- What one person sees as trying to help, another may feel like it slows things down.
- There never seems to be planning meetings about what needs to be done by each role.
- Overall, the pace is good, but focus is lost in doing way too many things at the same time and it’s easy to miss things.
- There is a lot of context switching, which drags the team down and makes things complicated. It would be better to focus on fewer things, maybe there's too much work for the size of this team.
- The team should have one main goal per quarter, with a sub-goal for improvements.
- General feeling is team members don’t have time for learning new things, even given the 10% time allotment, which it seems nobody gets to take advantage of. 10% time is used to work on Interactive team side work that really should be getting done during the other 90%, and so the 10% doesn’t get used for learning or other purposes.
- There is learning that happens on the project, but not necessarily learning that people are highly interested in, but is rather part of the job (ie. debian packaging).
- Some feel safe enough to speak their minds, others don't and feel they need to be more guarded.
- When something gets reacted to in IRC with scolding, it erodes trust on the team.
- There are a lot of problems that can be solved directly between two people; if issues get escalated before that chance has happened, it erodes trust.
- Misunderstandings on IRC should immediately be addressed with the person who wrote it, rather than being escalated to larger groups before having that chance.
- Direct communication should be the first approach. It's professional and far more effective than running up the chain to get something done.
- Emails to the whole team should not be viewed as “making a big deal” out of something, but rather as an attempt to rope others into the conversation. Not everyone participates on IRC or makes it to all the meetings, but email is something we all use. If someone sends an email, assume good faith and take it in stride. Don’t look for deeper motives than that.
- Sometimes it is not clear how to approach other people with concerns.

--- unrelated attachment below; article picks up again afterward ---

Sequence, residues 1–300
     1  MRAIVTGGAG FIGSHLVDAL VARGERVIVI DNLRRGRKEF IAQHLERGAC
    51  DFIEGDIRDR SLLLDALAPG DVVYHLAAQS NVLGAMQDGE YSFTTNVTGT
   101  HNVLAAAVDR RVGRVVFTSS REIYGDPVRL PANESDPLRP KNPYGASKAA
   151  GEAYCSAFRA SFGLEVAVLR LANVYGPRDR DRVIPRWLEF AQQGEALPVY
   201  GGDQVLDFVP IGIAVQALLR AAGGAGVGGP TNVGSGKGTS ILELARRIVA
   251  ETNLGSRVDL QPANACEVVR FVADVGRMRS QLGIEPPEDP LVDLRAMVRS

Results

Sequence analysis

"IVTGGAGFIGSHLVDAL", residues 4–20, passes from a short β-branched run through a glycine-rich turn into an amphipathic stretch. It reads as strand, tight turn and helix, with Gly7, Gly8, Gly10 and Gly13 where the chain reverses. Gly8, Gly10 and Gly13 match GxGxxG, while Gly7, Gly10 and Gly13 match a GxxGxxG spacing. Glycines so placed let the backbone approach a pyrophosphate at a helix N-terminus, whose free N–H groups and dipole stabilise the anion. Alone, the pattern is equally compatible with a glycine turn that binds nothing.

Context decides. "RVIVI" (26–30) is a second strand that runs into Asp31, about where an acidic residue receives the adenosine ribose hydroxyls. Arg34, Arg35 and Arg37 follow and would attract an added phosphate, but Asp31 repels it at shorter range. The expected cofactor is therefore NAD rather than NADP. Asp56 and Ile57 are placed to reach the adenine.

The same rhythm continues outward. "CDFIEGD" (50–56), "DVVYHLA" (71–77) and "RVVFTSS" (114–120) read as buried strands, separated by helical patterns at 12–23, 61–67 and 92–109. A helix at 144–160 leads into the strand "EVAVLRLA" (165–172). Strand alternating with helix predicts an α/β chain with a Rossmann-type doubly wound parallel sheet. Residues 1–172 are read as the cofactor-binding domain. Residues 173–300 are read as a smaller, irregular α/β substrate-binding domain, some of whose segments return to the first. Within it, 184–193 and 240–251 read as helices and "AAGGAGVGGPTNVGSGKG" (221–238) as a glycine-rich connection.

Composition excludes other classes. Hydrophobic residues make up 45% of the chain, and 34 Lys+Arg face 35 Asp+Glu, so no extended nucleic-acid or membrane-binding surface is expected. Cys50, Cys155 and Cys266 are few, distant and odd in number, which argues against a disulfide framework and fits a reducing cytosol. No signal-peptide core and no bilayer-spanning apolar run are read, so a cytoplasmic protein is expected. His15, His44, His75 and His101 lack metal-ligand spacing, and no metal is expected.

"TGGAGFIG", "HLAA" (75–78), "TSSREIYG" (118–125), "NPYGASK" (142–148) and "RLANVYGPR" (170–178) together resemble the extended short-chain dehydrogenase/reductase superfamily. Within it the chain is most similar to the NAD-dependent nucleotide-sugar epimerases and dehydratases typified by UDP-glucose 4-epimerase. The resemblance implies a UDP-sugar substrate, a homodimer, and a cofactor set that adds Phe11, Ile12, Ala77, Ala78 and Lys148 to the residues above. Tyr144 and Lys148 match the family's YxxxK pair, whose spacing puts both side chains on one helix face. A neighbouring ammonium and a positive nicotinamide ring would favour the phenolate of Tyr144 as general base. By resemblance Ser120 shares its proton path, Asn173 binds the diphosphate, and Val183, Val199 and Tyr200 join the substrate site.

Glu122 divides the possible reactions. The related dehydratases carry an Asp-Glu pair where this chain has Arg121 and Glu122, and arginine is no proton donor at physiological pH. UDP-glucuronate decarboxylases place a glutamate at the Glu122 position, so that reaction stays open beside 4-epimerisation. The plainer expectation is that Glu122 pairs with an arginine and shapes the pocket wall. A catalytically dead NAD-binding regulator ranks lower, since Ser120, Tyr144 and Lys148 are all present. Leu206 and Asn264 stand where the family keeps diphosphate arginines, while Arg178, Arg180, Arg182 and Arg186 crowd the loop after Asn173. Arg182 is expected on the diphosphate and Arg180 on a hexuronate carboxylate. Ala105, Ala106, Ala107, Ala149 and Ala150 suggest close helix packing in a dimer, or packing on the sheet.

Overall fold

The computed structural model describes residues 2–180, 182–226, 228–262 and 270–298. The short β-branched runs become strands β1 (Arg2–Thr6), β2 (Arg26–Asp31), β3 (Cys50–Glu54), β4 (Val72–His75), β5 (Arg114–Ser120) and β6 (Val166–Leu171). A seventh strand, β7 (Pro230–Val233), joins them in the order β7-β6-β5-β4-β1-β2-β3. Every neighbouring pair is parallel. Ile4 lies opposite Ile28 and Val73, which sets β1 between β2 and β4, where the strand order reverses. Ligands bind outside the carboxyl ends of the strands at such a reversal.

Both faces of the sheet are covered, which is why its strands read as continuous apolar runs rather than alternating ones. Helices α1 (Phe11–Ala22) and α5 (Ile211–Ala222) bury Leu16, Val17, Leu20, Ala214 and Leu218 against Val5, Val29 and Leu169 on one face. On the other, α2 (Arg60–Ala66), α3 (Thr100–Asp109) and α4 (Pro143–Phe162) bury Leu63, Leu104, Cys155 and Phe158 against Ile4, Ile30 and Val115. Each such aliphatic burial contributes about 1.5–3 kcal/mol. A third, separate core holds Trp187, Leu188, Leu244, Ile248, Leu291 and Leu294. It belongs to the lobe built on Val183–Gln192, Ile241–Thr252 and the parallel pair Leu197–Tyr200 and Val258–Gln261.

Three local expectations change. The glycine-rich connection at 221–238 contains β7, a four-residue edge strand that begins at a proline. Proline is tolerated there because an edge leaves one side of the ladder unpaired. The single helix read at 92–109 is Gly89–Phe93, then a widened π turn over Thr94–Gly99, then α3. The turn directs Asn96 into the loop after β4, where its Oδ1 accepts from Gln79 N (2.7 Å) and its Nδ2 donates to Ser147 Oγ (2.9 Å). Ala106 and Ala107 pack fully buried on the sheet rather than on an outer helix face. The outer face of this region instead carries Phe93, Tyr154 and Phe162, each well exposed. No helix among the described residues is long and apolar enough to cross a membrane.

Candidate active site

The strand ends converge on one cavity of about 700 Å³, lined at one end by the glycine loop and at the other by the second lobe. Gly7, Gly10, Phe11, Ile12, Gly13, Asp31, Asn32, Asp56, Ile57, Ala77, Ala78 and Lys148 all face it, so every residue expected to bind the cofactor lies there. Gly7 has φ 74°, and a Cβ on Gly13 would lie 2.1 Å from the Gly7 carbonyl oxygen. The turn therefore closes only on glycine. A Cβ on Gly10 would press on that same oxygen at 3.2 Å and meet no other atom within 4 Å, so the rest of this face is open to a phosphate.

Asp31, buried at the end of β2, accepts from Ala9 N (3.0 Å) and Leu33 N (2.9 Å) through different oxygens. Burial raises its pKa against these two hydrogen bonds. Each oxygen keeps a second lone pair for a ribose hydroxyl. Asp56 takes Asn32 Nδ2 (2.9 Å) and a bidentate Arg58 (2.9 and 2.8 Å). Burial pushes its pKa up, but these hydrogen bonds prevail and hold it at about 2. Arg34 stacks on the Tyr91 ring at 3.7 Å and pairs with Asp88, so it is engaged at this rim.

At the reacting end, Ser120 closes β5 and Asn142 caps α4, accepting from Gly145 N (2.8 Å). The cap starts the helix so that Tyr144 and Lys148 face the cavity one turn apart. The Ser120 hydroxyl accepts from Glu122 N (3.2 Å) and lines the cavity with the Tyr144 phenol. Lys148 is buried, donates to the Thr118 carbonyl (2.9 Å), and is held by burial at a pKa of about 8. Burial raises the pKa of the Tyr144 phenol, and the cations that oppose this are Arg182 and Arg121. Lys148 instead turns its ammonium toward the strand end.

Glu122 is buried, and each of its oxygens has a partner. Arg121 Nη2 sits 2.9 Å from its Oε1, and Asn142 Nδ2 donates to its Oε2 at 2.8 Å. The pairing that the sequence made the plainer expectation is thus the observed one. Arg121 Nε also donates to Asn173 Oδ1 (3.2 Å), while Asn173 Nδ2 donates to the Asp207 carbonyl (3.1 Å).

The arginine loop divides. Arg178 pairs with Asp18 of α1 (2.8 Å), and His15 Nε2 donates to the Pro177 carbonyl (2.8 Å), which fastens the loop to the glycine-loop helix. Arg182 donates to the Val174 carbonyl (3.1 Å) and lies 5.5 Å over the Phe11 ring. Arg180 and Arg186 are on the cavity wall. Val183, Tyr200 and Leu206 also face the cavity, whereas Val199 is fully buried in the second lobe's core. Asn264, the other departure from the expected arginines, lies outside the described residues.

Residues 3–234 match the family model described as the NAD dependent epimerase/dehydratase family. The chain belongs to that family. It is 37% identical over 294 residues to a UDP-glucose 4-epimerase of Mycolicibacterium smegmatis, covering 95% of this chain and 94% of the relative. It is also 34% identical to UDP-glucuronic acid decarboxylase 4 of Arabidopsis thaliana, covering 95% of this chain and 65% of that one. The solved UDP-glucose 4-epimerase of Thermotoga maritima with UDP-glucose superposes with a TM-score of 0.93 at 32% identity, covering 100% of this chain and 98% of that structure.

- Got better UI Standardization support, as well as support from other designers. Nice trend.
- Team feels more and more distant from the rest of Discovery, and from being part of one department.
- Help from analytics has been minimal.
- If the team needs something, members go and get it from other teams/individuals.
- In Search, there is a lot of overlap with Reading, and the interactive team could benefit from building those same overlaps; we're talking collaboration more than support.
- Tensions in the team make it challenging when it comes to knowing when to be serious and when to crack a joke
- According to the community, the team seems to be very innovative.
- The team is pushing into new territory with editable content that isn't text (90% of what's in our projects). There is an eagerness to see the adoption of these tools change the way folks interact with the knowledge volunteers create.
- Team feels it gets to decide how to organize and get our work done, but also that they can do it better.
- The team feels it is heading toward the same goal, but not as a team.
- Things requiring clarification:
- Clarify team mission.
- Clarify value targets and identify meaningful KPIs that demonstrate the value the team is delivering to those targets.
- Clarify community feedback expectations--how much is good enough?
- Clarify who Interactive is targeting in terms of community: content, functionality, reading, editing, or all of them?
- Clarify what management really expects.
- Clarify what is considered a release.
- Things that could use planning:
- Come up with a plan to make it easier for non-technical people to create maps.
- Determine what can be done to improve quality and raise the level of safety when deploying, including testing and quality metrics, improving integration/backend maps testing, and creating a streamlined process for map server health checks.
- Other action items:
- Identify and address complaints about the build process around node.
- Further improve Phabricator board organization and prioritization of tasks.